With regard to the transmission, an expensive but successful strategy was ultimately pursued. There were two development teams working on it independently. In the event that one of the two would not make it to series production. Sadly, the strategy was a good idea, because the external company became more and more peculiar over the course of the cooperation and ultimately could not deliver anything that would have worked in the Roadster.
The battery, on the other hand, was relatively simple to begin with. It was just a lot of cells that were connected together. But when some laptop battery caught fire in a plane, which was widely reported in the media, Tesla began to wonder how its own battery would deal with a burning cell.
As Dave reported, it was anything but funny. So he spontaneously had to shift a lot of resources to the topic. In the final design, each cell got its own fuse and the thermal management was built in such a way that a blown cell also heats up the neighboring cells. These, however, absorb and dissipate the heat without going up in flames themselves.
The finished battery then had a net capacity of 53 kWh and the roadster had a realistic range of 380 km. In 2016, Tesla released an upgrade battery with 80 kWh. The range got up to > 500 km and thus further than you would like to drive the small sports car in one session.
Another topic was of course charging. Although there was a very early version of the Type 1 plug, it was simply not made for the up to 70 A with which the Roadster was supposed to be able to charge. So Tesla had to hastily develop a new charging connector that could do this. The now and now iconic Roadster HPWC connector was the result.
As Dave told me, there was a strong belief at the time that this would become the standard plug for electric cars. But it was developed in a hurry and DC quick charging, for example, was not considered. The Roadster HPWC plug can only handle 1-phase 70 A, i.e. 16.8 kW at AC 240 V. Still, that was a remarkable achievement for the time.
Another important component of the roadster is the so-called PEM (Power Electronics Module) and of course the motor itself. With an output of originally 185 kW (248 hp) and 270 Nm, the reduction gear box has always been subject to very high loads and was therefore difficult to develop something that could handle the torque of an electric motor. Later versions of the roadster even had 215 kW (288 hp).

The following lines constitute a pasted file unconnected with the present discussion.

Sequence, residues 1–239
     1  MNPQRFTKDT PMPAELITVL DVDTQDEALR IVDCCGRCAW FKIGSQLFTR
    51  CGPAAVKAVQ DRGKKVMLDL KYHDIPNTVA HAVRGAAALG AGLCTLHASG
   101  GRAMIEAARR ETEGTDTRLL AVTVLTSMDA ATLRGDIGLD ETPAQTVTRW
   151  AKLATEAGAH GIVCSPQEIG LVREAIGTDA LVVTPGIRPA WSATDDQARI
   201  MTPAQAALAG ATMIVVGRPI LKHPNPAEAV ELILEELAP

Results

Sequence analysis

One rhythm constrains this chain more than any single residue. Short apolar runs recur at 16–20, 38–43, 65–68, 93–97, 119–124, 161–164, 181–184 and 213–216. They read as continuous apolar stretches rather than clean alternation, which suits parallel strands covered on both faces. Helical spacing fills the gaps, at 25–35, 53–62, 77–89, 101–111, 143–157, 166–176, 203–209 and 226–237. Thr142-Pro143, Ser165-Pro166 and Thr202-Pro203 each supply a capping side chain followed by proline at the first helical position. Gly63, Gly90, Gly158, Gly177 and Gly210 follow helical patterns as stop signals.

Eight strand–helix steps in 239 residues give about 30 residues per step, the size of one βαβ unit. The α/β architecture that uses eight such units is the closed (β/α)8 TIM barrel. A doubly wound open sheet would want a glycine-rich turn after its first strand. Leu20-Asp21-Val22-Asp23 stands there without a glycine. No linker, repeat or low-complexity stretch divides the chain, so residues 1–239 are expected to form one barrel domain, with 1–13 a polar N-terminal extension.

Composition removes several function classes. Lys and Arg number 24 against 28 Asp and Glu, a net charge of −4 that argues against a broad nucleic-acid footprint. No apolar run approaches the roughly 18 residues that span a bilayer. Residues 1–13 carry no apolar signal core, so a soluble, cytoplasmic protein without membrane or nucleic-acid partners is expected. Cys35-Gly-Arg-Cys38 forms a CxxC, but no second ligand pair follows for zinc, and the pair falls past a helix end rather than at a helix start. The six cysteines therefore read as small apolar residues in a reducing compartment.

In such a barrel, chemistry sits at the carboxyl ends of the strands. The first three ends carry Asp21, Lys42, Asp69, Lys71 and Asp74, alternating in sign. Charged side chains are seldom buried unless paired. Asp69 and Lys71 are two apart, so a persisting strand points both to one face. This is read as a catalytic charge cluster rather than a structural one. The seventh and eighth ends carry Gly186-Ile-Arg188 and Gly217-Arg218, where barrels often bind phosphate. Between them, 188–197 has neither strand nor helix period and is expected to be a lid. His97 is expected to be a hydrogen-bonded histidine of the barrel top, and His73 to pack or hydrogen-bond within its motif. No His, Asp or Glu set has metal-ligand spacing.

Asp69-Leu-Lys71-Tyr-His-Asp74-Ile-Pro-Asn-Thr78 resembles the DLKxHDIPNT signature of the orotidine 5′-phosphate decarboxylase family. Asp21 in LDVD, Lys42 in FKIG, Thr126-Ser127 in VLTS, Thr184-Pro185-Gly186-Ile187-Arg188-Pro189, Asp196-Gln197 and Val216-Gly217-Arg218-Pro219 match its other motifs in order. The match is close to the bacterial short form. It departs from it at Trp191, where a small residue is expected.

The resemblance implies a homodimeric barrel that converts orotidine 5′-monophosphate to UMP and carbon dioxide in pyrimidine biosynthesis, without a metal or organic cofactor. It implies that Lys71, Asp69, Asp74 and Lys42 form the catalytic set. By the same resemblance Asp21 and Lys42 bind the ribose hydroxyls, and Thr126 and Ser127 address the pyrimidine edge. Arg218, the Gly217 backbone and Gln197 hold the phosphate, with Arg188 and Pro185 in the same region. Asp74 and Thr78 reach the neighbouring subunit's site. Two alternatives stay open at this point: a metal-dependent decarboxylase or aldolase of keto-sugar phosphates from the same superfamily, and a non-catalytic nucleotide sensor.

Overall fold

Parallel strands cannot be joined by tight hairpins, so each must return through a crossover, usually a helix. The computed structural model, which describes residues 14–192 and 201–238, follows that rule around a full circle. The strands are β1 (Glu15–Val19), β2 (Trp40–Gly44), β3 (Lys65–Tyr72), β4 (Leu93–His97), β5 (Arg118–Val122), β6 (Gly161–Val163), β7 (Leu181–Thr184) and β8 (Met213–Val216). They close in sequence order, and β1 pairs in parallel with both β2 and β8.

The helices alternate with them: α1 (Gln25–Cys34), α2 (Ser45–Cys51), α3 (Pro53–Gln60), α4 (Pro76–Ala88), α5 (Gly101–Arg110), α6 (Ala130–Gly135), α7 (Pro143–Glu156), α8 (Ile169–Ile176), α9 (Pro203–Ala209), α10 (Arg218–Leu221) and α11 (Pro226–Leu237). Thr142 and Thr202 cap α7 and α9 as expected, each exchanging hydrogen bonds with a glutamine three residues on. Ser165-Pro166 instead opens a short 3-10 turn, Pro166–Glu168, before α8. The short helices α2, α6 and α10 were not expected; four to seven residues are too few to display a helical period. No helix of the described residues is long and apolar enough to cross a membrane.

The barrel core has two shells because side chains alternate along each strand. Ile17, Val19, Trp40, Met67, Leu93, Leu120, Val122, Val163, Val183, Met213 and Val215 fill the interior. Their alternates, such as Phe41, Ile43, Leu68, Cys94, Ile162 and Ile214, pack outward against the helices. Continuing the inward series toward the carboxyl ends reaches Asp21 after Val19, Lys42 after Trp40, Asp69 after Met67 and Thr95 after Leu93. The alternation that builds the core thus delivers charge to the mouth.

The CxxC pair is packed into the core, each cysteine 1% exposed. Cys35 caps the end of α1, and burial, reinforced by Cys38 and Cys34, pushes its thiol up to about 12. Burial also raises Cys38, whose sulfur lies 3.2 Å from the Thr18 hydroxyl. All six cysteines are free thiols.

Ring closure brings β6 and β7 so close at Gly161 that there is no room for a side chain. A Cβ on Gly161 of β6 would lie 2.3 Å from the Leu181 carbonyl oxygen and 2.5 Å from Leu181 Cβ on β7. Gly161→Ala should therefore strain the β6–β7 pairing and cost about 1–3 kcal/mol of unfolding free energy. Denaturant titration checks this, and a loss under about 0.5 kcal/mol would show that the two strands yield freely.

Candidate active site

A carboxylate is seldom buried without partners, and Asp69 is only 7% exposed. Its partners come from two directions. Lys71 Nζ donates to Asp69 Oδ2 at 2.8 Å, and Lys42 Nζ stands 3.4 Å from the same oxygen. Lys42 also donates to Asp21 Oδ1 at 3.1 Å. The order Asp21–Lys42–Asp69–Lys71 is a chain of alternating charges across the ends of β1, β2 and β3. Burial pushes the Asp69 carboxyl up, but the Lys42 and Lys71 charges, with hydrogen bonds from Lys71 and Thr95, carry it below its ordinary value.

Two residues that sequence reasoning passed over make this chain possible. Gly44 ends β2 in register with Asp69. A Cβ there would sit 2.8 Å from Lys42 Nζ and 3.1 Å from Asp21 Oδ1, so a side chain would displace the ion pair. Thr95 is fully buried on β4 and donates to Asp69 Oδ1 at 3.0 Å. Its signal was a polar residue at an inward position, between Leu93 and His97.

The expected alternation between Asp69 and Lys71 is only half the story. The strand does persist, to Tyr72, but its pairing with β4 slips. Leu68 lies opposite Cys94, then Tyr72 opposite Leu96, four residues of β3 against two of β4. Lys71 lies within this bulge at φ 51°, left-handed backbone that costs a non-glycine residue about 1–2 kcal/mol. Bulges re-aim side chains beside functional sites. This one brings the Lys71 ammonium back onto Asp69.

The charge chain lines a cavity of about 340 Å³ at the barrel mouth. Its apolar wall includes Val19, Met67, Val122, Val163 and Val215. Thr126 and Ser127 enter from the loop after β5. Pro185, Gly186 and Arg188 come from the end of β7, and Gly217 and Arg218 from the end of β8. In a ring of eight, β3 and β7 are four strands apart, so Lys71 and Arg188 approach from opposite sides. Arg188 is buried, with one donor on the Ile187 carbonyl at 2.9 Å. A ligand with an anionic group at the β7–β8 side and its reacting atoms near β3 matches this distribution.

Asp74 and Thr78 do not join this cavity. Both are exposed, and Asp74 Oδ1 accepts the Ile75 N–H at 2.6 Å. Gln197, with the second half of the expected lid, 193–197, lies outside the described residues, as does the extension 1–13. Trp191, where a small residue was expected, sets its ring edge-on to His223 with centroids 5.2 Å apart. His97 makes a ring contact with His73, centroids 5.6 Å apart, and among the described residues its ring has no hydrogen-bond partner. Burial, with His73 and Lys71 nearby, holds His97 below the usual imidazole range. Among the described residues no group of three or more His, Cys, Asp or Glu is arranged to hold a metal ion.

It must have been an incredibly exciting time, but also a very nerve-wracking one. As was the case with Apple at the same time with the iPhone, many marriages have broken in the development of the roadster. Together with Elon Musk, who was acting under stress and lack of money,this was why Dave left the company at the end of 2008 and moved on. Today he drives a Model 3 Performance and is amazed about the performance it has and how impossible this seemed when he was at Tesla. When it comes to money, the cooperation with smart / Mercedes was very important for Tesla.
Elon Musk said in a later interview that Tesla would not exist today without this cooperation. Which of course sounds great for a smart fan page. But you also have to say that it's for smart without Tesla the same way. smart wouldn't be anymore, if it wasn't for Tesla.
The Tesla smart from Mexico
Parallel to the Roadster, Tesla began to cooperate with Mercedes and to develop a new electric fortwo for smart. Dave had nothing to do with it and was surprised when this project suddenly appeared at Tesla EQ. Also because parts of its developers were deducted from the Roadster project. According to the story, Tesla employees bought a smart fortwo with a gas engine in Mexico and drove it to California. There they then built a first prototype from it. A smart fortwo with the 248 HP drive train of the Roadster. According to Elon Musk, this vehicle had no trouble doing wheelies.
But that was out of Dave's purview and accordingly will be a topic for a future article here. As it currently appears, this prototype later ended up at BRABUS for a visual refinement and became the BRABUS ULTIMATE HIGH VOLTAGE based on a smart fortwo. Which was presented to the public at the IAA in 2009 in parallel with a BRABUS refined Tesla Roadster. What happened to it then and whether it still exists today is unclear. If you know something about this car, you are welcome to write to me via my imprint.
The roadster-specific display in the smart ULTIMATE HIGH VOLTAGE. According to information from somebody of the Tesla Roadster Community, who was sitting in the vehicle at the time, the control units in the smart still thought they were a Tesla Roadster. The VIN of the roadster is unfortunately lost to time.
Do you like smart EMOTION, maybe saved time and money with it?
Then support the site with a membership and get exclusive rights.
You can find out more about this here.